Next week is Thanksgiving, and the season of weird requests begins.
“I’m bringing my friend along to Thanksgiving dinner. She doesn’t eat meat, milk, eggs, wheat, vegetables that begin with a “b,” or anything red or brown. You won’t mind, will you–cooking her a special meal?”
“You are going to his parents this year? We have a tradition that you always come here for Thanksgiving, but go ahead. We can eat alone.”
This is the time of year when you brush off your spine and develop the ability to say, “No.” Even better is saying “No” and meaning it.
Of course you want to be compassionate, friendly and helpful. But right at the edge of those characteristics is a boundary. And the boundary marker is “No.”
If you have trouble saying it, you can add, “I’d love to help, but . . .No.” You do not owe explanations past that one word. It takes strength and courage to say it, and I’ve failed many times. And each time I didn’t honor my boundary, I paid a price. Sometimes I overextend what I can do and regret it. Sometimes I cave and say Yes and then do a bad job, which is worse than saying No.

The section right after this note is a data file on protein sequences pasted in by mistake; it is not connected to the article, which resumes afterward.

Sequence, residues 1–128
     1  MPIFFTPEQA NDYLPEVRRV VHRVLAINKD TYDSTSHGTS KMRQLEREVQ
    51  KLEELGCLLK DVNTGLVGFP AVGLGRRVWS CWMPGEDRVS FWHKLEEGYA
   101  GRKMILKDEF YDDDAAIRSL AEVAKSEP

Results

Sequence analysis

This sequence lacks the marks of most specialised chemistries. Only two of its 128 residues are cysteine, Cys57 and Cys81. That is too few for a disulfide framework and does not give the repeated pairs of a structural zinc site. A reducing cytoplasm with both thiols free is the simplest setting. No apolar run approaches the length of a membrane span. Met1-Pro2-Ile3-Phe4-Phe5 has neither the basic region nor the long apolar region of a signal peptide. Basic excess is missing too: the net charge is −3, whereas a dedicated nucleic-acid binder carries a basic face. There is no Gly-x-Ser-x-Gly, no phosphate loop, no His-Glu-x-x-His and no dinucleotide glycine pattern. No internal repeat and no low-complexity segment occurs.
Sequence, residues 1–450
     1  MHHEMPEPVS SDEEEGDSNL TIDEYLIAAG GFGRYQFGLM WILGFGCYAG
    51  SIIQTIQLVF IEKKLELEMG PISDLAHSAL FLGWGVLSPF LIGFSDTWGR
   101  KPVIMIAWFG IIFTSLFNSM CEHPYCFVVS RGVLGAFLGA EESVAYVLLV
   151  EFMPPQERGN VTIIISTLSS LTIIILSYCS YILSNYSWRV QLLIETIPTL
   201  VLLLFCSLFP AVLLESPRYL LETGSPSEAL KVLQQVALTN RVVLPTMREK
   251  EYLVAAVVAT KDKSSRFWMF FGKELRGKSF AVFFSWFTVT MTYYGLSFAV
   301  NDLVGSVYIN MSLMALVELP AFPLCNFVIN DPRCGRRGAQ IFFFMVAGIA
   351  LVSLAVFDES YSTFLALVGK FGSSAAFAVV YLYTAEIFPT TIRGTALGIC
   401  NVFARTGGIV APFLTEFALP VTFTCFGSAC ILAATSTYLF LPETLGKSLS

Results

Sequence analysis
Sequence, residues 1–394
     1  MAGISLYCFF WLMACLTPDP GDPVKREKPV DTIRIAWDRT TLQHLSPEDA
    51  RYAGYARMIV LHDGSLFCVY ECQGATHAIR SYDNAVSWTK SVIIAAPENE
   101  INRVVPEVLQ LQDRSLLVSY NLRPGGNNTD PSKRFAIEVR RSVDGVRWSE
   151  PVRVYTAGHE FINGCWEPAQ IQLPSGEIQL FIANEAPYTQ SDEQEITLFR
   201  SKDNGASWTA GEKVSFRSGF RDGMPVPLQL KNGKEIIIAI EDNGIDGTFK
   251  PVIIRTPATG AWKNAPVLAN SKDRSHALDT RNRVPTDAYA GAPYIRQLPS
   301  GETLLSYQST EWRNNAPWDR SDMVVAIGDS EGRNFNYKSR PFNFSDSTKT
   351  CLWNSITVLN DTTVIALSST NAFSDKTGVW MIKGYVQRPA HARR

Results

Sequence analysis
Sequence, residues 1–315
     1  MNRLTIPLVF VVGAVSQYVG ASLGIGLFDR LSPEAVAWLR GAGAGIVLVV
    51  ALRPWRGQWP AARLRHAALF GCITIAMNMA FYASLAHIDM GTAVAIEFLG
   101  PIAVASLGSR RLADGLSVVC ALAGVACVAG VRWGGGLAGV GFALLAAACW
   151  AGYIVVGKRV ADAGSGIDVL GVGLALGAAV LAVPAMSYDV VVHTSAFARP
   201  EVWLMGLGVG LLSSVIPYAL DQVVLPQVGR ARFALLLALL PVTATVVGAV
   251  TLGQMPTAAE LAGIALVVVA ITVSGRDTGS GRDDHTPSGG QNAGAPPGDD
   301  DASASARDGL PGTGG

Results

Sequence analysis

You do not have to say, “I need to spend a whole morning in bed, so I can’t bake six pies for you,” because the other person will not accept that as a good reason. So don’t give a reason. Simply stick to “I’m so sorry, but No.” The holidays will run a lot smoother. And you will feel a lot healthier.
—-Quinn McDonald knows the power of paying attention to your limits.